Hey guys so I have an input sequence that are real values that represent intensity of a column of an image. I also have the transfer function in the Z domain of a 2nd order high pass filter. I have the following transfer function using the bi-linear transform estimate.

enter image description here

Say my input signal is defined as x[n] = 27, 588, 1013, 255, 38. How can I determine the output y[n]?

There are two options, one being I determine X[z] then multiply it by H[z] and take the inverse transform.

The other being I transform H[z] into h[n] and then I convolve it with x[n] using the following scheme enter image description here.

How would I implement either of these solutions in code (eg. coding an automatic way to generate X[z] from an arbitrary x[n] OR programming a convolution function that implements FOIL for the second option)?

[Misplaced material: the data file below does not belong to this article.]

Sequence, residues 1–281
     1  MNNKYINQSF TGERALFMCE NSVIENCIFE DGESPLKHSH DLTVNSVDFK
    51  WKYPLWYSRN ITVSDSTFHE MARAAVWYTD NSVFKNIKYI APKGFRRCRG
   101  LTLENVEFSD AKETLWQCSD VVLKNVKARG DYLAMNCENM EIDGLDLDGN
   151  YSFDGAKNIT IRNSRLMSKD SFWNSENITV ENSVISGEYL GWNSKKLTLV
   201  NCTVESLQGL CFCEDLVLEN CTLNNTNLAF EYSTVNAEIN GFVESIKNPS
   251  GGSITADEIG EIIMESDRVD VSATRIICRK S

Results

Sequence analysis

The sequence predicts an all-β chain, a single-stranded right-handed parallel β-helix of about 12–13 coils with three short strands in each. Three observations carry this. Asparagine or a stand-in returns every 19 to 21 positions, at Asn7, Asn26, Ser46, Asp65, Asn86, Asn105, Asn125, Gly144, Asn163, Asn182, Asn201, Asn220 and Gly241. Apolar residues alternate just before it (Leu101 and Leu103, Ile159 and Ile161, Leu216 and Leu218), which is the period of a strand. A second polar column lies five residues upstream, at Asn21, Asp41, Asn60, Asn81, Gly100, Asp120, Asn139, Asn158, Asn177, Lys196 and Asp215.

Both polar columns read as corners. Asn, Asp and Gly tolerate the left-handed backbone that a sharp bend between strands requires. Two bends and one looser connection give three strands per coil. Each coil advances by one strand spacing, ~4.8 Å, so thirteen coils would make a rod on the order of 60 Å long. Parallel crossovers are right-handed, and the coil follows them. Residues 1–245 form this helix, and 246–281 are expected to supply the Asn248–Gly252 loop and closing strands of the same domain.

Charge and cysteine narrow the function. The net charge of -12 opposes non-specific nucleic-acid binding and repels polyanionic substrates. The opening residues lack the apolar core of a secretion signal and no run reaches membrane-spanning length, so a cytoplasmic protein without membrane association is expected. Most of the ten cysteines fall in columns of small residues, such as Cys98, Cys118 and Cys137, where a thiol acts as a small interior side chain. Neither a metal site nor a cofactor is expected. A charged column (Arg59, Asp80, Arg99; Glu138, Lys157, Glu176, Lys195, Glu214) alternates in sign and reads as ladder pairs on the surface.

Is one easier than the other? Keep in mind that my signal is 512 samples in length as well, so convolution may be very expensive.


2 Answers 2


Standard difference equation of a biquad: y[n] = b0*x[n]+b1*x[n-1]+b2*x[n-2]-a1*y[n-1]-a2*y[n-2];

Initialize all x[n], y[n] to 0 for n < -1

b0,b1,b2 are 0.86 -1.72 0.86 (numerator)

a0,a1,a2 are 1 -1.71 0.73 (denominator)

  • $\begingroup$ Hey Hilmar, will this give me the same answer as my methods suggested above? If so, how can I prove this to someone? $\endgroup$ Commented Oct 31, 2013 at 17:36
  • $\begingroup$ Many DSP textbooks include a proof of the biquad recurrence in the chapter on Z transforms (or maybe the chapter after). $\endgroup$
    – hotpaw2
    Commented Oct 31, 2013 at 19:13

Convolution will not suffice, as the impulse response of your filter seems to be infinite. You need to ,,implement'' the filter, as Hilmar suggested. Look up ,,direct form'' 1 or 2. Numerics software usually includes functions exactly for this case. In the case of GNU Octave or similar programs, the function is called ,,filter''.


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